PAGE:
Written by Will Byrne
Is Lidar a dying technology? Not necessarily. It’s evolving and our industry needs to find the right applications for the technology to optimize its current uses.
Is it the best way to acquire elevation data? Not this point in time. I would argue photogrammetry is the easiest and most cost efficient way of creating elevation data sets. The word “phodar” (or “fodar”), an industry acronym for photogrammetry detection and ranging, has been popping up across the surveying and mapping field. However, this is a misrepresentation of what detection and ranging means in practice. The sensor used for photogrammetry is a camera and does not operate with regard to detection and ranging, unlike with Lidar or Radar technology. So why do people use these terms incorrectly? At a glance, Lidar and photogrammetry point clouds look the same, and not to mention Lidar sounds similar. So, it is easy to see how some might confuse the two ideas.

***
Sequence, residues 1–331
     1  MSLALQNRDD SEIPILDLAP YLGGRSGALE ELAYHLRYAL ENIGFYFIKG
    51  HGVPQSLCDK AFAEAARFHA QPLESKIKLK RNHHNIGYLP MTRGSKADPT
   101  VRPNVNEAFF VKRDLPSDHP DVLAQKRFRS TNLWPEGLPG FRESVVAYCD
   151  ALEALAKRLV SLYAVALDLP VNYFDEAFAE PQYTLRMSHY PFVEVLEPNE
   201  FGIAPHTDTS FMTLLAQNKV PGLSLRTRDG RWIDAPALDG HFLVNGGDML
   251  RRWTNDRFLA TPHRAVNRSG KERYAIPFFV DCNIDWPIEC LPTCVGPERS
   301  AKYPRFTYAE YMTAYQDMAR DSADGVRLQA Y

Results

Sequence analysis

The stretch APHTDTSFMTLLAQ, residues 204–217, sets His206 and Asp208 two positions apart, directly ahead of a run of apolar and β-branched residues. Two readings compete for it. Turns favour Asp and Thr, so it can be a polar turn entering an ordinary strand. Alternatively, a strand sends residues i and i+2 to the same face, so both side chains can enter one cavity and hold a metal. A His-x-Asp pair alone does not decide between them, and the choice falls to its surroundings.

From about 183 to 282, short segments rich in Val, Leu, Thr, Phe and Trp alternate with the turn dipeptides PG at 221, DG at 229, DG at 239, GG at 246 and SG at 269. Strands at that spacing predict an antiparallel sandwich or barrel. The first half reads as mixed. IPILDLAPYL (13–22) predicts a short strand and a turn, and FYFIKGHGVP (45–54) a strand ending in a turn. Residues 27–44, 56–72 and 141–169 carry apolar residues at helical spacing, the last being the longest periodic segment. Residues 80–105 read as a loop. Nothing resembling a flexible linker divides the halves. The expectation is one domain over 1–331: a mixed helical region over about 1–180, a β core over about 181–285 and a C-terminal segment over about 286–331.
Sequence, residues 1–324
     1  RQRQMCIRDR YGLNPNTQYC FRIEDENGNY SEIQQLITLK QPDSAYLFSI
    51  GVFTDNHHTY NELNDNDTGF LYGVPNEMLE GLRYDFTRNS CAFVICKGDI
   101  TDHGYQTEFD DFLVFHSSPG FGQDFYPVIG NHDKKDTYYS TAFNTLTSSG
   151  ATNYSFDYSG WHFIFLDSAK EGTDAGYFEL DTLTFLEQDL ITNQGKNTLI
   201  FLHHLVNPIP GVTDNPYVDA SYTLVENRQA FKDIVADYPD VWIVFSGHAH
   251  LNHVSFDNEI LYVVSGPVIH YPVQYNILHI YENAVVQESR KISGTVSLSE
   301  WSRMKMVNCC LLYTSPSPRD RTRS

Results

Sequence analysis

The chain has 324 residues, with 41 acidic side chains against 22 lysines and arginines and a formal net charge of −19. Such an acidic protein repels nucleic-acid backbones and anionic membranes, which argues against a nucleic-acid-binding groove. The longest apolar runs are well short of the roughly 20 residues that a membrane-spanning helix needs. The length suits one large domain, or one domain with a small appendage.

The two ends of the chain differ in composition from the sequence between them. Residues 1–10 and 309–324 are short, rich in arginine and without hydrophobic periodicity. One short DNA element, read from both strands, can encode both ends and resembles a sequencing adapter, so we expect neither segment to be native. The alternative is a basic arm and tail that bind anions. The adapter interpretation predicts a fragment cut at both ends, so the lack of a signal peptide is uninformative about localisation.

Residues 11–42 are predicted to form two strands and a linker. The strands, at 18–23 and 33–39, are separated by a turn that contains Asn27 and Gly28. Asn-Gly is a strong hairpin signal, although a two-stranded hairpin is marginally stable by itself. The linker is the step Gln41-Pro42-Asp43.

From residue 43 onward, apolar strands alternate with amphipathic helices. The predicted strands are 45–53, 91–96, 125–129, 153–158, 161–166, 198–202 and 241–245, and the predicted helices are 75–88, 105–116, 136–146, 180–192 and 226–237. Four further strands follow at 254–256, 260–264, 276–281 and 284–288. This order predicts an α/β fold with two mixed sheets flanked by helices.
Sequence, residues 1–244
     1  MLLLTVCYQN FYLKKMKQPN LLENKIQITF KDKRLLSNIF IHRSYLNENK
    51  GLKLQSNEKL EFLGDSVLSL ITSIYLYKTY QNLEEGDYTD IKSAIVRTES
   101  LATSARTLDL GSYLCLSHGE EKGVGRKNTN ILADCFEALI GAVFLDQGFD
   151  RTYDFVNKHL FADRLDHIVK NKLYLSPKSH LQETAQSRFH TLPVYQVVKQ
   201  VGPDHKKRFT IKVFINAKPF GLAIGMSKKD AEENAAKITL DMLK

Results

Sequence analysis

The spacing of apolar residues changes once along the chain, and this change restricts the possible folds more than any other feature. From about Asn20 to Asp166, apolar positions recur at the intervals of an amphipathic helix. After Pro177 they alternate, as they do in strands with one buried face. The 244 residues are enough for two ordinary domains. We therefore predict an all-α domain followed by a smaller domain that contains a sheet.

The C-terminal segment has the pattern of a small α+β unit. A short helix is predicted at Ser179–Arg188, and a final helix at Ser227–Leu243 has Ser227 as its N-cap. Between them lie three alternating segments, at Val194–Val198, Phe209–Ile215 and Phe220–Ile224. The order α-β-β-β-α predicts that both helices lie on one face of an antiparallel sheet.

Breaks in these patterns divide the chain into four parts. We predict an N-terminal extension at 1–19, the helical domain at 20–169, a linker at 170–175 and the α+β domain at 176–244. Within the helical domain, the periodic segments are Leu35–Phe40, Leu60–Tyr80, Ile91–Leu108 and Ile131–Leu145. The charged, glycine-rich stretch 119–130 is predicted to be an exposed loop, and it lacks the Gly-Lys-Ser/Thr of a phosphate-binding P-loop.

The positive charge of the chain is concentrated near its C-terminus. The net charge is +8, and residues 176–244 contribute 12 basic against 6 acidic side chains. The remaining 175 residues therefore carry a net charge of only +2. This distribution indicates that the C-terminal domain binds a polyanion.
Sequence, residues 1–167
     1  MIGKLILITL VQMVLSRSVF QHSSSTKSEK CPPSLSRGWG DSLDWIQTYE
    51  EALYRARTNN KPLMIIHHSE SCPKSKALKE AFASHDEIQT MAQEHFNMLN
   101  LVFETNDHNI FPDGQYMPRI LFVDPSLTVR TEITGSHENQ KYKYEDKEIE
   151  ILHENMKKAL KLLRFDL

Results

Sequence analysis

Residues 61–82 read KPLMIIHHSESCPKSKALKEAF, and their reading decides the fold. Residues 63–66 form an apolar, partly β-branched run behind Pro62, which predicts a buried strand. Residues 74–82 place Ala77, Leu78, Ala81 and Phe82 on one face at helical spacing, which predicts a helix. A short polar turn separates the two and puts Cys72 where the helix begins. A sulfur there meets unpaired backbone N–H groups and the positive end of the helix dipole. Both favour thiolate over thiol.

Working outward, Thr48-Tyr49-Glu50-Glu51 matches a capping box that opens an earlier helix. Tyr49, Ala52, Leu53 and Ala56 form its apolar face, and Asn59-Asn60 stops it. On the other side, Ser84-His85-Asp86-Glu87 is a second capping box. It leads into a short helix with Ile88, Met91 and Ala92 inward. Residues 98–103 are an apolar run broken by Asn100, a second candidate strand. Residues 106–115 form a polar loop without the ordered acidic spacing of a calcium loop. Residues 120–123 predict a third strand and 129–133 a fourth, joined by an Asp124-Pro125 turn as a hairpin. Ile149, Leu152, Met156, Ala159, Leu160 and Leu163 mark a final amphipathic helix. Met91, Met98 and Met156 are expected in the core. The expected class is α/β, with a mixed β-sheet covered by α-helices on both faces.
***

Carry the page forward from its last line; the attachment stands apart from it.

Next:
When determining which datasets to use, you must think of your end goal. Am I doing vegetation analysis? If so, Lidar would be optimal since the data is already classified when the LAS file is created. A manual process for classifying photogrammetric point clouds exists but it is more complicated. Software like Agisoft Photoscan and PIX4D are now adding options to classify the ground, which would allow for point filtering and surface creation.
With recent releases, such as the solid state LeddarTech Vu8 sensor, I predict Lidar will make its way into photographs. Lidar units are becoming smaller and easier to use. Where do i see this technology going? Though Lidar will not substitute the flash, it may work in the same fashion to measure the depth of the sensors surroundings. An extra band added to an RGB image would be a good way to store the elevation information. With all the advances in photogrammetry and drone technologies, we will find the right applications for Lidar. The competition between Lidar and photogrammetry can only be good for the evolution of the industry.
Here is an example of a photgrammetric point cloud created with pictures taken from a drone.